Human rights in the English speaking world owe their origin to a document enforced on King John of England in 1215 by the English barons, the Magna Carta Libertatum. Subsequent to the Magna Carta we have understood
human rights to be the restriction of the king’s power thus enabling the people to
expand their freedoms such as freedom of speech.
Human rights were grounded in restrictions which the people placed upon the king. Today progressive human rights in the West are grounded in restrictions the government places upon the people.
We see this when we come to the new right not to be offended. This Orwellian concept replaces human rights with group rights. We have the realisation of the Orwellian prophecy of the day when “All animals are equal, but some animals are more equal than others.” If you belong to a group which is privileged the state will accord you rights it refuses to others.
A few months ago Simon Ledger was singing oldies in a bar. Amongst the numbers he sang was “Kung Fu Fighing.” Those old enough to remember disco may now blush. Bad enough one would suppose and an occasion for cotton wool in the ears, but unfortunately two passers by, not even patrons of the bar, heard him singing, they were Chinese. One was offended enough to report Ledger to the police, he was arrested for racism.
If you were to sing Kung Fu Fighting to me I would have to thole it, perhaps with an ill grace but I would just have to take your assault on taste and culture, I couldn’t report you to the police and have you arrested no matter how much I thought you deserved it. I don’t belong to a favoured minority or identity group. A joke or a song has become a possible criminal action according to whom you perform it before and whether or not they choose to find it offensive.
When individual justice is replaced by social justice we lose the concept of universal human rights and find them replaced by group rights.
The Scottish Parliament has before it the Offensive Behaviour at Football and Threatening Communications (Scotland) Bill, which could make certain jokes, songs or actions illegal in certain circumstances. If Roseanna Cunningham, minister for Community Safety has her way if a Roman Catholic were to make the sign of the cross in front of a bunch of rampaging Rangers supporters he would possibly be committing an offence. If a Rangers supporter were to sing Rule Britania in front of a group of Celtic supporters that could be considered an illegal act. It all depends on how the ‘victims’ choose to react.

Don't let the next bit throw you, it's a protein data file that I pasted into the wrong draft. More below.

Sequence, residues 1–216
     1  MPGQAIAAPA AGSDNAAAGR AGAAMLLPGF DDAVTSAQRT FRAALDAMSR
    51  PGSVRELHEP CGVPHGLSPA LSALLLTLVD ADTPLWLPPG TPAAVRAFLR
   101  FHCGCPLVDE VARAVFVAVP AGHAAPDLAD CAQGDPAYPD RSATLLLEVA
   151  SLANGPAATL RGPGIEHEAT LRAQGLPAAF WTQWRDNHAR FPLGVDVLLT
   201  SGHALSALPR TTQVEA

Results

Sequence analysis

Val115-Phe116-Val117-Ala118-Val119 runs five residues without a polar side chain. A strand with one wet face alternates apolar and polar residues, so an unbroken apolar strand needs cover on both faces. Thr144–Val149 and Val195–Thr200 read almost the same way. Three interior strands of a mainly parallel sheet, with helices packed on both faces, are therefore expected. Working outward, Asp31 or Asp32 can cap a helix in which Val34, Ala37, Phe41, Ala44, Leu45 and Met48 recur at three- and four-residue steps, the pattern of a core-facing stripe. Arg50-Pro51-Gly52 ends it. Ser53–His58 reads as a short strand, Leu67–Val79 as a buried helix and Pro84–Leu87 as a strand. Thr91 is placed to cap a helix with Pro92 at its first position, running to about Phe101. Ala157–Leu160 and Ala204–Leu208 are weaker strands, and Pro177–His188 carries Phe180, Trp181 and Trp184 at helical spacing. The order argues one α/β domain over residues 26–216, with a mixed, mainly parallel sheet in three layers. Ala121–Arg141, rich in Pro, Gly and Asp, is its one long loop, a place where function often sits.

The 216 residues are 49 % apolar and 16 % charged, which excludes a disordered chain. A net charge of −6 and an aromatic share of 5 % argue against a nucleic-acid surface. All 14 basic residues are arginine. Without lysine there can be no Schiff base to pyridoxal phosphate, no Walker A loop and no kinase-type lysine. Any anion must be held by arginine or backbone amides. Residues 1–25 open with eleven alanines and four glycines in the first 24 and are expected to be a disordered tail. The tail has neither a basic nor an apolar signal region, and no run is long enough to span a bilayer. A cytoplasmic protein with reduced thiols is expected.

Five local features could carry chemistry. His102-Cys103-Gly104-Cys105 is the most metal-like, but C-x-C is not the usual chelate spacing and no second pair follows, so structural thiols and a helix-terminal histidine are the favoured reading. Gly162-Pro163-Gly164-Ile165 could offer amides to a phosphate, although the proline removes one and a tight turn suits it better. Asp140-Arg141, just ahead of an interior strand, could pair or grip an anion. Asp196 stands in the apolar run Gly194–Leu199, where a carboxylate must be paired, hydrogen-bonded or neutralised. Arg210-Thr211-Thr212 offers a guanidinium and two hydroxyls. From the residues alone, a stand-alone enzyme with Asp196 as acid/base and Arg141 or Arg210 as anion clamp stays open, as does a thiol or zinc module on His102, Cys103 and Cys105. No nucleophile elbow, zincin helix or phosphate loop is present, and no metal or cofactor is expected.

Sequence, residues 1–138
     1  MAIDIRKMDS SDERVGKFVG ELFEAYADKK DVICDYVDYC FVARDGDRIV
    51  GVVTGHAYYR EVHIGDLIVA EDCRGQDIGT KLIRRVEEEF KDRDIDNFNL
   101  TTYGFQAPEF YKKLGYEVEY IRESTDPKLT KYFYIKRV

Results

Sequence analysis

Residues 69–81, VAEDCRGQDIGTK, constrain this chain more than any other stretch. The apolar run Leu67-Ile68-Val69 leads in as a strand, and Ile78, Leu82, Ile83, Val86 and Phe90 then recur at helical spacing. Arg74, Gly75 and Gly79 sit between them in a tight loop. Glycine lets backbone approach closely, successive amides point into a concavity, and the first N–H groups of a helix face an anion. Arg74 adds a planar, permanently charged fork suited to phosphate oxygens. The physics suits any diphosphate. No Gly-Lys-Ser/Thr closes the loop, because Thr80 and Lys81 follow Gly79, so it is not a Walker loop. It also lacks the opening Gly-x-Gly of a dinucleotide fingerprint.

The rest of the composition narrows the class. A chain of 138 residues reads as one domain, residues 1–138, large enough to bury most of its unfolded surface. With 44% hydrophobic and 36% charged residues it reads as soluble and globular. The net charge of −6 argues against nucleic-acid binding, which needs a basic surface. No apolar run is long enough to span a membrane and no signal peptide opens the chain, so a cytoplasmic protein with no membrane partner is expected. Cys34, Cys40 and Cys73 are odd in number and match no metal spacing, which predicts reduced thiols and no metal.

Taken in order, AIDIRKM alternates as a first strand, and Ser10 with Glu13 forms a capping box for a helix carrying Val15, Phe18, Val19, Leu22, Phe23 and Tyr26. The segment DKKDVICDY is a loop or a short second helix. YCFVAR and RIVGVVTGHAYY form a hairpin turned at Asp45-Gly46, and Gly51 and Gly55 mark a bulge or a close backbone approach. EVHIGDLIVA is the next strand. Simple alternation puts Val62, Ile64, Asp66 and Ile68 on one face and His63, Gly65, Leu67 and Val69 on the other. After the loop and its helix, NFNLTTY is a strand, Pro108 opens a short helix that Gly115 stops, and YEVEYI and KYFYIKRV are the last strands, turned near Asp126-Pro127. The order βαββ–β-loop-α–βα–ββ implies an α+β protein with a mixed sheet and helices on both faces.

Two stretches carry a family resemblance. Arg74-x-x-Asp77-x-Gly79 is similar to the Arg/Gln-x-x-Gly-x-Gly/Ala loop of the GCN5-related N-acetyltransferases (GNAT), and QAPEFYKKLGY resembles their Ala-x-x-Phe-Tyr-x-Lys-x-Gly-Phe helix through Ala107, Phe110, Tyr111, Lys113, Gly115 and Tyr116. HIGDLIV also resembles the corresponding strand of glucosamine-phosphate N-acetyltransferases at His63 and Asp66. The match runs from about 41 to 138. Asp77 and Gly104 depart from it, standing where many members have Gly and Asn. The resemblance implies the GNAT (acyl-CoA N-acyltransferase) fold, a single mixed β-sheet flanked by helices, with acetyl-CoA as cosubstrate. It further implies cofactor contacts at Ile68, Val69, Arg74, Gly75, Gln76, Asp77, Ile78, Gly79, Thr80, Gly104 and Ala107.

Frank Mulholland the Lord Advocate tried to clear up Roseanna’s bumbling explanation of the proposed legislation by saying that making the sign of the cross or singing the national anthem would not be criminal offences. Obviously, but listen to the rider, “Unless there are aggravating circumstances.”
Any song adopted by the opposing supporters could be deemed provocative if the criteria of judgement is offence perceived by the purported ‘victim,’ or even the possibility of offence as judged by a police officer. From my experience of Scottish football the fans are creative if nothing else in the songs they sing. What if Rangers fans sing new words to the tune of The Sash would that be offensive? If a Celtic fan offers up a silent prayer before a penalty at Ibrox would that be offensive?
The bill refers to “behaviour that a reasonable person would be likely to consider offensive”. But the very person who chooses to find the sign of the cross or the singing of a song offensive and requiring a violent response is not a reasonable person. He, and it is almost invariably a he, is an emotionally charged irreligious bigot ready to take offence at the mere existence of the opposition.
The Scottish Parliament is being asked to abrogate the human right of freedom of speech in the name of groups rights not to be offended. This would destroy a foundational principle of justice, equality before the law.
Our ideas of justice derive from Scripture. There we learn that we are created individually and as responsible individuals we stand before God. The rights we have as His children are individual rights.